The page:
Did you like how I wrote “Yanks”? Wasn’t Meghan Markle beautiful? I digress.
Recently, the Wall Street Journal ran the story: Mike Meru Has $1 Million in Student Loans. How Did That Happen? He is one of 101 Americans with over $1 million in student loan debt. The article points out that 37 year old Mr. Meru pays about $1,600 a month, but that still falls short about $4,000 per month. At this pace he will owe over $2 million in two decades.
One must assume he didn’t study accounting.
The student loan discussion is percolating in my family. My nephew will be a high school senior in the fall, one year away from college. We don’t want him to pull a Meru. Should my nephew go to college?
Don’t get me wrong. I loved college! My Bachelor’s Degree is in Business Psychology. Yes, I am a man of letters. My folks wanted me to have some skin in the game. They thought it might motivate me. It did not. I have the transcripts to prove it. An added bonus: I had no concept of what it meant to pay back a student loan.
So I must pose the question that is also the title of my post: Are Student Loans “Child Abuse”? Is it okay to advise your (technically adult) child to take on all that debt?
Luck for me, Miami University was affordable back then. Tuition, Room & Board, plus health and accident insurance for all four years combined came to $18,420. Believe it! Here are the cost breakdowns for my tuition as a freshman, sophomore, junior and senior.
When I went to college, my folks had me sign on the dotted line for student loans. They ended up paying for about half – I assume that was the room and board portion. I’m glad I went and that I was able to pay back my loans quickly.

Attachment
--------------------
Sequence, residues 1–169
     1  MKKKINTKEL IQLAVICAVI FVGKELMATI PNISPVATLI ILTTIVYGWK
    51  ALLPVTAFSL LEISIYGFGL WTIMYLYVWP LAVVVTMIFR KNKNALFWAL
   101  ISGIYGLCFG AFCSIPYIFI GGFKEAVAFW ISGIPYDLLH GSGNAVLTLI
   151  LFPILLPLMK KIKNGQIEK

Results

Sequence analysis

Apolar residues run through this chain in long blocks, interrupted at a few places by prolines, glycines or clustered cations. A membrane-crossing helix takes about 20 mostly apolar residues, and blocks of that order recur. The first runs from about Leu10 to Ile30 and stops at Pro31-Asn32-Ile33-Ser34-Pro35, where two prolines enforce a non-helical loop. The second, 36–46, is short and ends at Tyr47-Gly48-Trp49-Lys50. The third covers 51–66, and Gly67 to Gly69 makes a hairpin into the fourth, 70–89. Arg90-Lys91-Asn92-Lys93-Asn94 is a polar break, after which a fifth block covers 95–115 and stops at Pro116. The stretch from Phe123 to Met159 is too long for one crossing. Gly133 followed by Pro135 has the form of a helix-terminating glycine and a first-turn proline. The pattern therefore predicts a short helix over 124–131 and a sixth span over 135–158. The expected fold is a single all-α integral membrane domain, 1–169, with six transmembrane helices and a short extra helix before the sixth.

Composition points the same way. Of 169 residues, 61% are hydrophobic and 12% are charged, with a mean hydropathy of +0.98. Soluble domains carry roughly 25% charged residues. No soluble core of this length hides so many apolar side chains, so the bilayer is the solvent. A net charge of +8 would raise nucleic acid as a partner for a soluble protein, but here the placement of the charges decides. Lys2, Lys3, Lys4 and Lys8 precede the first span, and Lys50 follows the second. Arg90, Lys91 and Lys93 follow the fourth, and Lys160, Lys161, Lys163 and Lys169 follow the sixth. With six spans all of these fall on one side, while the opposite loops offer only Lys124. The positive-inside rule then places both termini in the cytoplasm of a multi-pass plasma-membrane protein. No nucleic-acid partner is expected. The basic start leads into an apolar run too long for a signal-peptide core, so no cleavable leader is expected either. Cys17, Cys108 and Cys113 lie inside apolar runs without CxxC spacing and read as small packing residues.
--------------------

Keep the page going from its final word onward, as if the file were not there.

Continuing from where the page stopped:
I was 18 but had no idea what paying back student loans really meant. It was a different time. Thankfully my student loan debt was a measly $7,500! Every month I dropped $96.15 in the mail to SLFC. I was out from under it in 7 years.
Before we saddle my nephew with debt, we need to make sure going to college is worth it for him. Should he take a year off to earn some money while he sees what life is like in the real world without a college degree?
I’m cherry picking from the Wall Street Journal article here. Mr. Meru said of his growing debt: “I just wouldn’t look. The only thing looking did was create stress.”
Yeah… I guess it would.
The article went on to say, “Mr. Meru then entered into a government-sponsored repayment plan based on income. He agreed to monthly payments at 10% of his discretionary income, defined as adjusted gross income minus 150% of the poverty level. Any balance remaining after 25 years is forgiven, effectively covered by taxpayers. The forgiven amount is then taxed as ordinary income.”
Why not just declare bankruptcy? Student loans cannot be discharged in bankruptcy.
There is another program for student loan forgiveness. It has some hoops through which you must jump. But if it will work for you, it’s worth it. Check out more on that here.